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Laura Klappenbach

Renewed Hope for Australian Echidnas

By January 13, 2013

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The western long-beaked echidna is a critically endangered egg-laying mammal (also known as a monotreme) that inhabits the westernmost tip of New Guinea. Although the western long-beaked echidna's historic range once included parts of Australia, scientists thought the species disappeared from Australia thousands of years ago.

Scientists know the western long-beaked echidna once inhabited Australia from fossil remains that date to the Pleistocene and from aboriginal rock paintings that depict the species. But there have been no sightings of the species in Australia in modern history. Or so they thought.

Kristofer Helgen of the Smithsonian Institution recently re-examined a specimen of an echidna stored at the Natural History Museum in London. The previously overlooked specimen, as it turns out, was collected from northwestern Australia in 1901. That means the species was alive and well in the wilds of Australia just over a century ago. It also means scientists will likely be planning an expedition to Australia in search of western long-beaked echidnas still living there today.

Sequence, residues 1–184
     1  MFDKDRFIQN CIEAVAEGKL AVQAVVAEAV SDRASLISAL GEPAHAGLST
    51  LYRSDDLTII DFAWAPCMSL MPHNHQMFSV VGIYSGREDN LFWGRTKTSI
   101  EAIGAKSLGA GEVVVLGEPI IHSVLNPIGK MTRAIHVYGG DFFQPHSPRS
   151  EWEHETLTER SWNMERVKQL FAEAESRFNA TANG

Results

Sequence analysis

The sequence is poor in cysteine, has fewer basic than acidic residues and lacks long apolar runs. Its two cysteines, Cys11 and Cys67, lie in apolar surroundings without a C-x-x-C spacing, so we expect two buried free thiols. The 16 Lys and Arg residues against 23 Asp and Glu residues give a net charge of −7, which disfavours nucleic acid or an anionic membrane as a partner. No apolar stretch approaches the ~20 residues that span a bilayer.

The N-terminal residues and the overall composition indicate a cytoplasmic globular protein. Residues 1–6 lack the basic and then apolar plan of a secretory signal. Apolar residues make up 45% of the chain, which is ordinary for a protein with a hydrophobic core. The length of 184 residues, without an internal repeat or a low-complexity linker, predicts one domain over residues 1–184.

Western long-beaked echidnas belong to a unique group of mammals called the monotremes. These primitive mammals differ from their cousins the placental mammals in that they lay eggs instead of giving birth to live young.

Comments

January 18, 2013 at 12:30 am
(1) Tim Upham says:

For a long time it was believed when the tectonic plates moved Australia northwards, that the continent dried out. So the long-beaked echidna fled to the moist tropical forests of New Guinea, where they could drive their beaks deep into the moist soil to find their prey. But apparently, Australia did not dry out completely, for the long-beaked echidna was just recently discovered in the Kimberly Mountains. Also, tropical forests are still found in Queensland. Not an extension of the tropical forests of Southeast Asia, but forests unique to Australia. Parrots are found in Australia, where they adapted to living in arid conditions.

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